Meanwhile, as the old LGFVs debts are being transferred to bonds, the LGFVs, there are still over 300 of them with an average asset size of RMB 30 billion, cannot just be shut down. And the reality is, they did not stop borrowing.

According to bond rating agency China Bond Rating Co, LGFVs had issued over RMB 1.2 trillion in new bonds as of September 2016, exceeding the RMB 946 billion for all of 2015.

These investment firms have barely participated in normal market competition and “there will be a few years needed for a grandfathering period. When local governments are facing fundraising difficulties, (LGFV) bonds will pick up,” Zhu Haibin, chief China economist at JPMorgan in Hong Kong told the Financial Times.

Despite a vow from the Ministry of Finance stated that after the implementation of the new Budget Law and debt swap, new LGFVs after 2015 would not be considered government liabilities, there are still real life examples where the central government would be the lender’s last resort.

The China City Construction Holdings Group Co (CCC) was originally an infrastructure builder under the Housing Ministry and had an accumulated debt of RMB 42 billion in April 2016. It sold 99% of its stake to a consortium consisting of China Great Wall Asset Management and three other state banks.

The change in ownership that seemingly severed the CCC’s connection with government caused a round of early redemption of bonds issued by its Hong Kong listed subsidiary.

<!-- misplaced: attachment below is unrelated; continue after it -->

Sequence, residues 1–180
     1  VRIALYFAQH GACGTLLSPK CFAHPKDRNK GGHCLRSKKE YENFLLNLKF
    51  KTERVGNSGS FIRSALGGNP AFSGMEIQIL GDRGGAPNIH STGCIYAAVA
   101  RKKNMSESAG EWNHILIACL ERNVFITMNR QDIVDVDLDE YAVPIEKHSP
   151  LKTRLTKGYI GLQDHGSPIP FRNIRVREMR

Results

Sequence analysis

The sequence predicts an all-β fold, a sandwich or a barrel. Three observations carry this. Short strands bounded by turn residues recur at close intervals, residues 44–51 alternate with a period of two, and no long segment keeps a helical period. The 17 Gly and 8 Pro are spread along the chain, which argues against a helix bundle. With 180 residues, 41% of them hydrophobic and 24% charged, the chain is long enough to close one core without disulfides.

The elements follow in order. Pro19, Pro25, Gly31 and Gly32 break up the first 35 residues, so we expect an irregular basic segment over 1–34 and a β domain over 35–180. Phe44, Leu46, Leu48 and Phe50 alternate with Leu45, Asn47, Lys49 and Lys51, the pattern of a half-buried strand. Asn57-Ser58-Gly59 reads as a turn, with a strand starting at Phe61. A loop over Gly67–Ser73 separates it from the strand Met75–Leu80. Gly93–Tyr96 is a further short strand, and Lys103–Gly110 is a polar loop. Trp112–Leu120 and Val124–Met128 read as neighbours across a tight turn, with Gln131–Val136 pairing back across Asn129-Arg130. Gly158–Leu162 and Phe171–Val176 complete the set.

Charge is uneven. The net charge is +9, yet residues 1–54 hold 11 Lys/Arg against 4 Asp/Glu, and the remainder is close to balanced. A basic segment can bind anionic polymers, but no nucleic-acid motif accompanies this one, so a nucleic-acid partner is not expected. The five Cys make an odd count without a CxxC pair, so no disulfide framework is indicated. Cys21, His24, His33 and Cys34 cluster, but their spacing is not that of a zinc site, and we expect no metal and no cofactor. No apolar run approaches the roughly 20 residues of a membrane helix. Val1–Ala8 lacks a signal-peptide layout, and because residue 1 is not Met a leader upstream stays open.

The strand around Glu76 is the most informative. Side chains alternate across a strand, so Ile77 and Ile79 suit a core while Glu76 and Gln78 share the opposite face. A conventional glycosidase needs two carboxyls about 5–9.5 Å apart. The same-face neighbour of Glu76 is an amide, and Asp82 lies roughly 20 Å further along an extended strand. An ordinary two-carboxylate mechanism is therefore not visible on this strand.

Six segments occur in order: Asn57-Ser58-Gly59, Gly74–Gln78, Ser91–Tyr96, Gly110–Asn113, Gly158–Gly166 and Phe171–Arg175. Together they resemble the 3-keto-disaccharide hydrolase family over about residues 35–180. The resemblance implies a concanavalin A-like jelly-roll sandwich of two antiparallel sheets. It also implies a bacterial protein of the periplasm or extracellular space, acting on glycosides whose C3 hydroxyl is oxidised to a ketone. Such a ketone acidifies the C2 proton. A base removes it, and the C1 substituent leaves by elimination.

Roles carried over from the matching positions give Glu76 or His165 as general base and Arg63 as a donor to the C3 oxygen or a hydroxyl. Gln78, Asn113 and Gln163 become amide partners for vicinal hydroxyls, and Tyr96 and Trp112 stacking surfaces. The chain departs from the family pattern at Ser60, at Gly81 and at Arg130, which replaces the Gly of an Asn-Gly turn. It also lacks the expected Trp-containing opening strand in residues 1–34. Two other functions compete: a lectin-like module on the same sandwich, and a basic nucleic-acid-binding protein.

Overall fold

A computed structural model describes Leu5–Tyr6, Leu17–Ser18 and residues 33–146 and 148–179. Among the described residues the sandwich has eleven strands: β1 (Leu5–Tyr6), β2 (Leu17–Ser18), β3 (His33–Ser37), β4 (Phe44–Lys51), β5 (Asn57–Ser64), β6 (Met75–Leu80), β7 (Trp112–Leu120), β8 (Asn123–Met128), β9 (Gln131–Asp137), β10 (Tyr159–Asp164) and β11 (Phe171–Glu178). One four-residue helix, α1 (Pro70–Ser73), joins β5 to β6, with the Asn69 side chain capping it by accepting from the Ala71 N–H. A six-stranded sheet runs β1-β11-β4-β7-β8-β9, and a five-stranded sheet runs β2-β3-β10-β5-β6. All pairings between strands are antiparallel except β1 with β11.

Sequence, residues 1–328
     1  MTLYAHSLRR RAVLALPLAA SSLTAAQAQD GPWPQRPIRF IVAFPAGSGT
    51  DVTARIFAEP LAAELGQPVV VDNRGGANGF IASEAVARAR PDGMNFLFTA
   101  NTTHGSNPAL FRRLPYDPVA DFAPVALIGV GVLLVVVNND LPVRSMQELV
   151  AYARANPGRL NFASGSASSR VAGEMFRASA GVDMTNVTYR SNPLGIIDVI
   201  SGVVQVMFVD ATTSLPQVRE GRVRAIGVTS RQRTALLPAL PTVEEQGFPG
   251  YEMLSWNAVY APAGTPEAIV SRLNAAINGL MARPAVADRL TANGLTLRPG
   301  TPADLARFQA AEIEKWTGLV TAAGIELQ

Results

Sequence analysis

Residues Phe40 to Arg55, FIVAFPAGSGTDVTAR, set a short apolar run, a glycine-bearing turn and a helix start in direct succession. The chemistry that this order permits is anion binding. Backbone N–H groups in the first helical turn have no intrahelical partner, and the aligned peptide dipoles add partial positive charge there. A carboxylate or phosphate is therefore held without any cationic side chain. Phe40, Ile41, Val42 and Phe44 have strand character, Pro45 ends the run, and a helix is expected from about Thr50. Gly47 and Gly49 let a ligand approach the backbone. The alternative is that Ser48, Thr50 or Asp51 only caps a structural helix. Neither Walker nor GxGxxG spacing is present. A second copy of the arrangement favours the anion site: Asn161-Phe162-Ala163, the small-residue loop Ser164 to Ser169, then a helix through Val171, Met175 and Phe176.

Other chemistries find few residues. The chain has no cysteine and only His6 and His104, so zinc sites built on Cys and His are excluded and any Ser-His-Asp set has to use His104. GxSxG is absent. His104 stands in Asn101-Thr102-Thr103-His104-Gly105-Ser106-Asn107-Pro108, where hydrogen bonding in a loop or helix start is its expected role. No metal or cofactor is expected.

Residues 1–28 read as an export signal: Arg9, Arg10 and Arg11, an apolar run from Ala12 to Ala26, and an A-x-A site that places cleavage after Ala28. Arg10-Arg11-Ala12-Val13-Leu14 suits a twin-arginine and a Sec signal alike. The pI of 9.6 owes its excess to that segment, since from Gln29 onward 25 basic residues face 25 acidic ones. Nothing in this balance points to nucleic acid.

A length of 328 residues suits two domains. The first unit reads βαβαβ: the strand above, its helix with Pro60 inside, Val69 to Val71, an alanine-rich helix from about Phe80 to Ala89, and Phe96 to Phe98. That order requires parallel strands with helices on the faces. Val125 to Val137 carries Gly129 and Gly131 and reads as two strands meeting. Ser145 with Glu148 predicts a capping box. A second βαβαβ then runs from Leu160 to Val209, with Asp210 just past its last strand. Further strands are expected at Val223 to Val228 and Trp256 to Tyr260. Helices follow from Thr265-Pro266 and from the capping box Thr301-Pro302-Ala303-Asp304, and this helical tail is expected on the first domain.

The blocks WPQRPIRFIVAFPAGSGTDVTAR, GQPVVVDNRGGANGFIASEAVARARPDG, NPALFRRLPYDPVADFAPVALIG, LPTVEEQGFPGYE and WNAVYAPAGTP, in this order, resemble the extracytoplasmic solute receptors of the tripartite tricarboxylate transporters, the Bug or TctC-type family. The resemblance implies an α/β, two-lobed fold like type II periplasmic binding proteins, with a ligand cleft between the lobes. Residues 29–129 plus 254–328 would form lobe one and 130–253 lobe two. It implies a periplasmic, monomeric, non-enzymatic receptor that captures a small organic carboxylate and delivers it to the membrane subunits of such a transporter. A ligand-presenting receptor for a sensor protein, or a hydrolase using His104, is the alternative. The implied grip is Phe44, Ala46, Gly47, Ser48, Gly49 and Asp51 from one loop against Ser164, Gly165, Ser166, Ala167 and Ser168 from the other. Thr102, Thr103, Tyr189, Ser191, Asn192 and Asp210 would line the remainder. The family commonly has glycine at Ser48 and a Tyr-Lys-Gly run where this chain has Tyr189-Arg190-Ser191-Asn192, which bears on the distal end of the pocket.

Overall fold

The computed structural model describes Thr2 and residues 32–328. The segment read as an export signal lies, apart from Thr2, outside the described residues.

The company then allegedly sent a help letter to the central bank, requesting the central bank act to “stabilize the company’s financial situation” to avoid chaos among creditors. The letter emphasized its close relationship with government, saying it has a special mission (which could not be disclosed out of discipline)… and so we cannot crash.”

Neither the central bank nor the CCC commented on that letter. Three months later, the CCC’s ownership changed again, with 51% equity acquired by an investment company under another SOE, the China Metallurgical Group, making the CCC state-owned again. In December, the CCC managed to pay interest on a local bond worth RMB 1 billion that had defaulted early.

“Our central government has been used to provide implicit guarantees to local governments and SOEs, and a direct result is that these public institutions will maintain leverage and banks will keep lending them money because of government credit,” says Zhu Ning, professor of economics at Shanghai Jiaotong University. “The only way to break an expectation of bailouts is to have debtors, which are unable to repay, to default or go bankrupt. But obviously, this needs real determination by the authorities to reform.”

As the LGFVs have been borrowing more, the government has not been spending less. Public-private partnerships, of PPPs, a financing program enlisting both public and private entities, have been encouraged by authorities as a way to ease the fiscal burden for public projects. But according to MOF data released in February, 60% of the investment—worth over RMB 8.9 trillion—in PPP-financed projects is shouldered by governments.